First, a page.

By laying his hand upon the animal’s head, the worshipper was doing two things. First, it was an act of connection. He was identifying the animal with himself. He was saying, “This animal is me. What happens to this animal is done to me.” Second, he was symbolically transferring his sins to the animal. It would die as his substitute. It was dying for his sins.
He had to slit its throat, collect the blood in a basin, and then the priest would sprinkle the blood on the sides of the altar.
Paul makes the connection between our Lord’s death and the concept of substitution by using that little word “for”—Christ died for our sins.
When you do something for someone you are doing it because they can’t do it for themselves. A child can’t cut up their food; you do it for them.
The Apostle Peter does the same in 1Pet. 3:18:
For Christ died for sins once for all, the righteous for the unrighteous, to bring you to God
The interesting question is, how did the apostles come to make the connection between our Lord’s death and the sacrificial system of the Old Testament? After all, there was nothing intrinsic in the crucifixion to link Jesus’ death to sacrifice and atonement.
The only plausible answer is that it was Jesus himself who made the connection. As he celebrated the Passover with them, Jesus said to his disciples, (Mt.26:28): This is my blood of the covenant which is poured out for many, for the forgiveness of sins.
Christ Jesus gave his life, poured out his blood, so that the “many” (those who trust in him) need not. He died as their substitute. The same idea lies behind our Lord’s statement in Mk.10:45 when he says:
For even the Son of Man did not come to be served but to serve, and to give his life as a ransom for many.
What is a ransom? It’s money paid so that a prisoner can go free. The money takes the place of, is the substitute for, the prisoner.
Theologians refer to this teaching as the doctrine of penal substitution. Substitution speaks of someone taking someone else’s place. That’s what happens in sport, when a player is injured or isn’t playing well. The Lord Jesus Christ is our substitute, he takes our place. In truth, it should have been me on that cross.
The word penal refers to the fact that in becoming our substitute our Lord was punished for our sin. We talk about the penal system, that is, the system by which criminals are punished for their crimes. Again, in sport, when someone breaks the rules a penalty is awarded. The Lord Jesus bore, endured, suffered the penalty that we deserve.
This is what the Bible teaches and this is how the Church has always understood Christ’s death.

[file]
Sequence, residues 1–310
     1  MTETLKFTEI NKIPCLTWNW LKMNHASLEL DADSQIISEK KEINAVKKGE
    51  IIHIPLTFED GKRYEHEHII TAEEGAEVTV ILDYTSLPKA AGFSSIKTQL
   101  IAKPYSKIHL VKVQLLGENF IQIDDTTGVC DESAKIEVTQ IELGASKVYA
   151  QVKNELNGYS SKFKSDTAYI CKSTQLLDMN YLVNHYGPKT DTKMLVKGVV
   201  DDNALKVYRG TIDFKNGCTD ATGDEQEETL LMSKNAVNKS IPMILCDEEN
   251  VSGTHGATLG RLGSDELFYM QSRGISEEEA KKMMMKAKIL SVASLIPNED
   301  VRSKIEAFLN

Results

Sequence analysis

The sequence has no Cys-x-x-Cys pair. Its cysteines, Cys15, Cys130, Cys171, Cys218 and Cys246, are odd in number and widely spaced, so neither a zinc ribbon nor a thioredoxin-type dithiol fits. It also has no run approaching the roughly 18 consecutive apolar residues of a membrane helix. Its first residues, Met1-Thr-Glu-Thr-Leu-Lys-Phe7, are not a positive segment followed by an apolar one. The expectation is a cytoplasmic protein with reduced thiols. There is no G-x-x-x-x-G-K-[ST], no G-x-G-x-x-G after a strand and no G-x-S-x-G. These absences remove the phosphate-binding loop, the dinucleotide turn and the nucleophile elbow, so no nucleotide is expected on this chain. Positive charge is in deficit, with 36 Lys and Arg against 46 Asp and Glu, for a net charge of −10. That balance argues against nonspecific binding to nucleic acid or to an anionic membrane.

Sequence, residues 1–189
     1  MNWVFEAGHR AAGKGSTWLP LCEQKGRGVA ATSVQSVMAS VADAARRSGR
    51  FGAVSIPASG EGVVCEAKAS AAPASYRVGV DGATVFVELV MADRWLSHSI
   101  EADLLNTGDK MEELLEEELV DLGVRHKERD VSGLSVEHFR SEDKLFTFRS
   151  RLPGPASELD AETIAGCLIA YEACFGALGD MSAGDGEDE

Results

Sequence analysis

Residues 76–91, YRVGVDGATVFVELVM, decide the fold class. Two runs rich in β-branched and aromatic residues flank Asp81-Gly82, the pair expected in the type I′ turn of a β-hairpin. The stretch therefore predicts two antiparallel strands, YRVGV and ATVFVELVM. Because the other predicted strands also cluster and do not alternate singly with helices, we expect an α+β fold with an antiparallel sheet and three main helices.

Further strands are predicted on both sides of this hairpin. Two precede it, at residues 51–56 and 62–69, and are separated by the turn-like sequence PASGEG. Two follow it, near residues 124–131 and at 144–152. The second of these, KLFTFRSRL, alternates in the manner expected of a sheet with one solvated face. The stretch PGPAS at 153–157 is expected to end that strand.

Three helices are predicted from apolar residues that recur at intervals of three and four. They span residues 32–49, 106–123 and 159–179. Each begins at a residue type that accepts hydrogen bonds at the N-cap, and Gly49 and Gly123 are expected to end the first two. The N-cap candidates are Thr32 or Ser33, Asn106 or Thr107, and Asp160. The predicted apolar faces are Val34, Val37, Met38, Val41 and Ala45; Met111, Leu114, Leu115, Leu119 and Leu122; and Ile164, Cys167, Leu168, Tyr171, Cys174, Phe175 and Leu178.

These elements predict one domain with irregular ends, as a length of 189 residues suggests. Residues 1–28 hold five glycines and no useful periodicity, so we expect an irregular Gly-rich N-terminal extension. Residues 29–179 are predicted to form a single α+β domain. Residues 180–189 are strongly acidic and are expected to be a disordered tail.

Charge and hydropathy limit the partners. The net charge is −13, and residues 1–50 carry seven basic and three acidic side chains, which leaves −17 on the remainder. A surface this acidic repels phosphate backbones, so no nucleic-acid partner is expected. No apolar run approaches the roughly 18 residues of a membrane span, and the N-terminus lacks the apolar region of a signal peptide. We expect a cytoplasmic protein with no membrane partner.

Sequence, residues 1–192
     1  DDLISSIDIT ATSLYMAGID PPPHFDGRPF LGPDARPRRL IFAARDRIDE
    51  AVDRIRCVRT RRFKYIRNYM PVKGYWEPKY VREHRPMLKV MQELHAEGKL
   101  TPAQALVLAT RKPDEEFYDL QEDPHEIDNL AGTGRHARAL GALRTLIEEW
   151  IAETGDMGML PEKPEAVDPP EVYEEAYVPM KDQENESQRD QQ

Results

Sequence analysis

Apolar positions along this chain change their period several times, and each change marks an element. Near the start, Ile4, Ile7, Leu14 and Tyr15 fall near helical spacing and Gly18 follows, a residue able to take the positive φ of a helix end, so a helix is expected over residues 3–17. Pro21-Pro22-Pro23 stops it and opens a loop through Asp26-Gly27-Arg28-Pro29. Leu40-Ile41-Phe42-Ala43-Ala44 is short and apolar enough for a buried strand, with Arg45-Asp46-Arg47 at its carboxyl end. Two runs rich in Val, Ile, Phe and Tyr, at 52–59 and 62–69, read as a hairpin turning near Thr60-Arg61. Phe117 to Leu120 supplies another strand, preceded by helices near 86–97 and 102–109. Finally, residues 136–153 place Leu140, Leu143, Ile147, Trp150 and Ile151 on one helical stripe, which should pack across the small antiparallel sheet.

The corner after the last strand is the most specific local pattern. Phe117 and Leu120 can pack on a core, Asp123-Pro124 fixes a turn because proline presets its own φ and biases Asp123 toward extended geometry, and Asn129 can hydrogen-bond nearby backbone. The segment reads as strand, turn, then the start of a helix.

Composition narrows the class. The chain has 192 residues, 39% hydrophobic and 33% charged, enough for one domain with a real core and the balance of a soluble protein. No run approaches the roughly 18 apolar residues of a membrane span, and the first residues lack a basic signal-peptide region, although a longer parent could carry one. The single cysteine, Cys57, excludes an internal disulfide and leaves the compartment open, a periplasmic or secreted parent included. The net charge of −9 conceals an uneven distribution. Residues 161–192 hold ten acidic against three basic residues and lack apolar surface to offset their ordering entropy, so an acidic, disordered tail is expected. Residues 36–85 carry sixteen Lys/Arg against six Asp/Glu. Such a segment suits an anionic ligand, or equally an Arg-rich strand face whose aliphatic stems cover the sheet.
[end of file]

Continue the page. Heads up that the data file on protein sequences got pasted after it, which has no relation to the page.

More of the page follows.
Here is love vast as the ocean, loving-kindness like the flood
When the Prince of life, our ransom, shed for us his precious blood.
2. according to the Scriptures
Let’s move on the second phrase; that Christ died for our sins according to the Scriptures. Why does Paul feel the need to add that phrase, according to the Scriptures? We can identify various reasons, but the most important is to demonstrate that Christianity, far from being a new religion, is in direct continuity with Old Testament religion.
For Christians to say that Jesus was the promised Messiah was ludicrous to Jewish minds. At first they had wondered. He seemed to act like the Messiah—giving sight to the blind, raising the dead, even the way he had stormed through the temple. Hosanna to the Son of David, they cried.
But then he had categorically proved that he could not be the Messiah—he got himself crucified. As Paul says in 1Cor.1:23: but we preach Christ crucified, a stumbling block to Jews
Yet the first Christians insisted that this Jesus, this crucified Jesus, was indeed the Messiah. Again, we have to ask, Where did they get this idea from? 1st century Palestine was a hot-bed of Messianic expectation and there were no shortages of claimants for the title. But as each pretender was dispatched by the Romans, their followers evaporated. Not so with Jesus. Why were his disciples so dogged?
One answer is his resurrection.
Another, is the Scriptures. And it was the Lord Jesus himself who taught them this. Lets walk behind those two distressed disciples hurrying back to Emmaus, and eavesdrop on their conversation with that stranger who had joined them. We know it’s Jesus, but they don’t.
He said to them, How foolish you are, and how slow of heart to believe all that the prophets have spoken. Did not the Christ have to suffer these things and then enter his glory? And beginning with Moses and all the Prophets he explained to them what was said in all the Scriptures concerning him. (Lk. 24:25)